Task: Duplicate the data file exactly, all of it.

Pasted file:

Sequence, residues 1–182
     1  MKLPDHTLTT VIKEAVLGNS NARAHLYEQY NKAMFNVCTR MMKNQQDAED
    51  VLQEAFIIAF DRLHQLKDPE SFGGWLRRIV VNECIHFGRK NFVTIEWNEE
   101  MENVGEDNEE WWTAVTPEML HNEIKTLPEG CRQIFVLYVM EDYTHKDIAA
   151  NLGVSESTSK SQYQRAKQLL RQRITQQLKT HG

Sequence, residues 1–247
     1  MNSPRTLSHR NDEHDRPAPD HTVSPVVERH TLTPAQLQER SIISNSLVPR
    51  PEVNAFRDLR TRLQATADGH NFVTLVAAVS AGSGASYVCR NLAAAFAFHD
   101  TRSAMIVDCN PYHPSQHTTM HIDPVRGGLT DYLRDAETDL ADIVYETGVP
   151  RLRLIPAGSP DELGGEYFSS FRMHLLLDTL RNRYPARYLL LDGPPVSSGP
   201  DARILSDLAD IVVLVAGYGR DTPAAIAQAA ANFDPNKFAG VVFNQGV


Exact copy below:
Sequence, residues 1–182
     1  MKLPDHTLTT VIKEAVLGNS NARAHLYEQY NKAMFNVCTR MMKNQQDAED
    51  VLQEAFIIAF DRLHQLKDPE SFGGWLRRIV VNECIHFGRK NFVTIEWNEE
   101  MENVGEDNEE WWTAVTPEML HNEIKTLPEG CRQIFVLYVM EDYTHKDIAA
   151  NLGVSESTSK SQYQRAKQLL RQRITQQLKT HG

Sequence, residues 1–247
     1  MNSPRTLSHR NDEHDRPAPD HTVSPVVERH TLTPAQLQER SIISNSLVPR
    51  PEVNAFRDLR TRLQATADGH NFVTLVAAVS AGSGASYVCR NLAAAFAFHD
   101  TRSAMIVDCN PYHPSQHTTM HIDPVRGGLT DYLRDAETDL ADIVYETGVP
   151  RLRLIPAGSP DELGGEYFSS FRMHLLLDTL RNRYPARYLL LDGPPVSSGP
   201  DARILSDLAD IVVLVAGYGR DTPAAIAQAA ANFDPNKFAG VVFNQGV